Tuesday, September 28, 2010

Mud and the Skin of Venus

"Give me mud and I will paint you the skin of Venus." Eugene Delacroix.

When I painted as a teenager, I was taught that there was a formula to create the color of flesh. Later, I forgot this "formula" and subsequently wasted a lot of time trying to rediscover the right combination to mix the color of our skin.
Now I recognize that there is no magic mixture. Our skin (whatever its shade) is so reflective of light that almost anything goes. It becomes a prism for the colors and the light surrounding us both in life and in painting.
So yes, the earth colors, the "mud," used by Delacroix and Titan can make the creamy skin of a Venus. And the saturated cadmiums used by many of today's artists can become the colors of our flesh as well. To see a contemporary kaleidoscope of skin colors, just visit Karin Jurick's 100 Faces.

Somebody's Dream is one of my more straightforward forays into the color of flesh. It's a 20x24 done in open studio.

Wednesday, September 22, 2010

Lost in Translation

I once saw an exquisite Rubens' drawing of a beautiful woman with long curly hair. The woman had what appeared to be a large, upside-down, black funnel on her head. What do I remember? The funnel-hat (which I could draw now), not really the woman at all.

Of course, sometimes a work is so wonderful that it rises above obscure or absurd inclusions. Such a painting is Pieter de Hooch's Maternal Duty. A contemporary of Vermeer, de Hooch was sometimes less skilled in perspective and proportion. But with this painting, his passages of light, his color, his gesture are all quite marvelous. Today almost no one would guess that the mother is picking lice from her child's head (a necessary practice even in spotless Dutch houses).

My painting has no funnel or (ugh) lice, but smack in the middle is a very unusual... birdbath! I bet you had no idea what it was. I so loved the maple and then the composition that I included an object I knew almost no one would understand.

Japanese Maple, Cheekwood plein air 8x10.

Tuesday, September 14, 2010

Three Amigos

Two friends and I are having a show and sale of our paintings in this lovely (yes, lovely describes it) old barn which belongs to Susan Harlan, one of the friends. Neither Gale Haddock (the other amigo) nor I have ever done anything quite like this before.
It's both exciting and intimidating, sort of like throwing a party and inviting way more guests than you've ever invited before.

The event happens this Saturday, Sept. 18, from 10 in the morning til 7 in the evening. The address is 1312 Lewisburg Pike, Franklin, Tennessee. It's off Exit 61 on I-65 south of Nashville and is easy to find if googled.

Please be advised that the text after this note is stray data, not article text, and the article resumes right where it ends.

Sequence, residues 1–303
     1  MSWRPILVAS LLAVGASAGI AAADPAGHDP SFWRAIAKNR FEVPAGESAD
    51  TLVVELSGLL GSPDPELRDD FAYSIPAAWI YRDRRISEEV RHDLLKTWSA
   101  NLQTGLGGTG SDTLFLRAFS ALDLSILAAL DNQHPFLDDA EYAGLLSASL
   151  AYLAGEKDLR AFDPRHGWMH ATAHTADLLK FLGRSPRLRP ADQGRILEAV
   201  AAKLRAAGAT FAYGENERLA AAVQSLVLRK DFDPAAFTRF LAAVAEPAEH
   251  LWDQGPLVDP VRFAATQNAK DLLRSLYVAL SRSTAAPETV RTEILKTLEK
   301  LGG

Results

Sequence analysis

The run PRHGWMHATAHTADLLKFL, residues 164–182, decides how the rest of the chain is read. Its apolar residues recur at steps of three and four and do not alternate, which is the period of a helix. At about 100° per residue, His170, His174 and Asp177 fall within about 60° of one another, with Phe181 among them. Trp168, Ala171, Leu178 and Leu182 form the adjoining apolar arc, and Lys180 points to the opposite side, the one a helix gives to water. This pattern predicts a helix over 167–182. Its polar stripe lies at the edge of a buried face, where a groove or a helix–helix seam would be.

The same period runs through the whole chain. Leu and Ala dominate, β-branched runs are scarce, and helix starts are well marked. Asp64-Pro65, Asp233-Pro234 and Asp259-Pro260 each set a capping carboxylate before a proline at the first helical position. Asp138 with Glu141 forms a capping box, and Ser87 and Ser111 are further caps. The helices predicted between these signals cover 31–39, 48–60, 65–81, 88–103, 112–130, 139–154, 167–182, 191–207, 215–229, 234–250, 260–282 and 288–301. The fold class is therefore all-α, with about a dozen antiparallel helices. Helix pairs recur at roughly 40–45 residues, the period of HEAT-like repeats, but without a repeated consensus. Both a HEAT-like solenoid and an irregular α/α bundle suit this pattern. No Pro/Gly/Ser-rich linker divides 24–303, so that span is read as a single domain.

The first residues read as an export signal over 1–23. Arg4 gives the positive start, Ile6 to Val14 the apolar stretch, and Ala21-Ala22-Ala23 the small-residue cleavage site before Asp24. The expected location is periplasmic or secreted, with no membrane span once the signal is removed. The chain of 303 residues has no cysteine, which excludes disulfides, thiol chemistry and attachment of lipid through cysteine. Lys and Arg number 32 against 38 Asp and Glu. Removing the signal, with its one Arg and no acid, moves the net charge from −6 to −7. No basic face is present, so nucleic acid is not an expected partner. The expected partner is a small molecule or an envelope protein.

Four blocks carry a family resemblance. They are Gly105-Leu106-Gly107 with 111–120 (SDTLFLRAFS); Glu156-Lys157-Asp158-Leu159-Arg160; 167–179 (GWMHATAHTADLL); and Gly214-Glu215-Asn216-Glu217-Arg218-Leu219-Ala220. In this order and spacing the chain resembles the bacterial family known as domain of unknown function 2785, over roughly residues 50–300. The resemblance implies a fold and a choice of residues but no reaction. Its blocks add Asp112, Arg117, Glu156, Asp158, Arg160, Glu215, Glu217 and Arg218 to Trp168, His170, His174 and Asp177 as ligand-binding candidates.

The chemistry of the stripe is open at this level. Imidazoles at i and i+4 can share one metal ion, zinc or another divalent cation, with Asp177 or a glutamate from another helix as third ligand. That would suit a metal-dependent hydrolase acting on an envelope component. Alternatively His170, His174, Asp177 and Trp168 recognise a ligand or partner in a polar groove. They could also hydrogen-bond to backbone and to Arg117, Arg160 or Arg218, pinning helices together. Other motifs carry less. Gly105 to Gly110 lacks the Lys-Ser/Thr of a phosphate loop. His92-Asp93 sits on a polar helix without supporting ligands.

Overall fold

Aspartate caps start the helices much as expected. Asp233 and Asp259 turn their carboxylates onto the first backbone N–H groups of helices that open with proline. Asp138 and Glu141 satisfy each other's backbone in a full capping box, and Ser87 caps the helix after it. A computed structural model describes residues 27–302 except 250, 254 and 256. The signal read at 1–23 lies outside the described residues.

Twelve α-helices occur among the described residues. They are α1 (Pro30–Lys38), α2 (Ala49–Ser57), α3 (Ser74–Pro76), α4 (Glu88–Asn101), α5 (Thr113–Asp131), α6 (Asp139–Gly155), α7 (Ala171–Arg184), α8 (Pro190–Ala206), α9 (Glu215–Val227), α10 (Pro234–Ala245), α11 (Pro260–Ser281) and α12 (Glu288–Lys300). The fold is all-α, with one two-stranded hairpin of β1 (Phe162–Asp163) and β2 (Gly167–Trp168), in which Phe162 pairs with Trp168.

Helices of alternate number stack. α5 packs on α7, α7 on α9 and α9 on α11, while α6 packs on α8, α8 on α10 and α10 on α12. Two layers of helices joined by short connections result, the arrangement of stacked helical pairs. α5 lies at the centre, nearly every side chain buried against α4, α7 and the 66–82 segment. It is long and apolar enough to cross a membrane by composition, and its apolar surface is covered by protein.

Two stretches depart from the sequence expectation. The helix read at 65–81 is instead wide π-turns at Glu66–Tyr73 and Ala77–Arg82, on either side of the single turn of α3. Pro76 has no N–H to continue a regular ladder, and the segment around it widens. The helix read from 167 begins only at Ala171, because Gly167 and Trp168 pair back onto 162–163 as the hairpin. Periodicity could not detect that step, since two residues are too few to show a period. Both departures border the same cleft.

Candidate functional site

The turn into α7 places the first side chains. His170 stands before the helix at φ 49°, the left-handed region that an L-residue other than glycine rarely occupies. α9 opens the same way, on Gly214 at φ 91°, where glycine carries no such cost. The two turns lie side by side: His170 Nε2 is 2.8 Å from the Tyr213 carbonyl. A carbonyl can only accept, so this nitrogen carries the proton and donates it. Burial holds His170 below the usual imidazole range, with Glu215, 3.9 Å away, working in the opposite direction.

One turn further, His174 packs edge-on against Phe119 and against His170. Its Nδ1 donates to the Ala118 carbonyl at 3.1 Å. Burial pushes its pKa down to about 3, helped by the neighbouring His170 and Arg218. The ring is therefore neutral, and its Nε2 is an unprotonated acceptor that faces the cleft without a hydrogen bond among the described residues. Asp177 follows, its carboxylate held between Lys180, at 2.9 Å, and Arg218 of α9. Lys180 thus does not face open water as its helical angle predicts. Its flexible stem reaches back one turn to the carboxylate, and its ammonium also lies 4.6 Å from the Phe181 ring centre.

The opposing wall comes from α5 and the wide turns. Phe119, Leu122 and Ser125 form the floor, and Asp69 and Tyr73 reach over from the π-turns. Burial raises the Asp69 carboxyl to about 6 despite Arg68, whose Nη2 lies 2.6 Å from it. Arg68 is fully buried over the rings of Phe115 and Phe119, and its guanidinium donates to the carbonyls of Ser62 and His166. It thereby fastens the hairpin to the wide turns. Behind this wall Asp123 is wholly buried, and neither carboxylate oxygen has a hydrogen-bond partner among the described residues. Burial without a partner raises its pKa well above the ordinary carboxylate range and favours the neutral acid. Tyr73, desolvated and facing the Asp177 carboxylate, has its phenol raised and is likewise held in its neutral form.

To borrow the phrase everyone seems to use in blog invitations, "if you're in the neighborhood," please come. It promises to be a good time.

Paintings above by: left, Gale Haddock; center Susan Harlan; right, me.

Friday, September 10, 2010

First Day

There's a picture on my studio wall that I love; it's a print of Peter Hurd's painting, Eve of St. John. Hurd was a noted "Western artist" though, sadly, he seems now to be known primarily as Andrew Wyeth's brother-in-law.

Hurd began his career as an illustrator, and I think Eve shows those roots with its strong sense of narrative. To me, the story it tells is one of becoming, like a "coming of age" novel or autobiography. I find it to be mysterious and haunting; it's a work I look at often.

After I finished First Day , I realized I was trying to tell a coming-of-age story, too. First days are always a beginning, when everything promises to be a surprise and nothing is sure. Growing up sometimes seems a series of first days... except for those times growing up when you think you might die of boredom!

First Day is an 18x14 oil done in open studio.

Monday, September 6, 2010

Under the Art Umbrella

Painters love umbrellas. Our beach scenes have them; city scenes ditto. Our women carry them to keep off the rain and when it isn't raining, to keep off the sun.

I can't fully explain the passion for parasols. Shape is part of it, that regular gentle curve that leads the viewer's eye to just where the artist would like it to go. The potential for unexpected color is another. A pop of orange can be excellent when at sea or in a painting of a grey, rainy day.

Umbrella advantages can be subtle as well. Faces shaded by umbrellas are often lit by soft reflected light with shadows that take on the color of the umbrella itself. The most famous painted lady with a parasol, Monet's wife, is such a mix of shadow and reflected light that she almost dissolves into the sky and clouds behind her.

My lady is warding off the last drizzle of a Manhattan shower; there's really more sun than rain in her forecast.

NYC Shower 8x8 oil on panel.

Is it too early to send an invitation?

Pieces by (clockwise from left to right) : Susan Harlan, Janet Garner, Shirley Fachilla, Mike Martino and Topper Williams. So many ...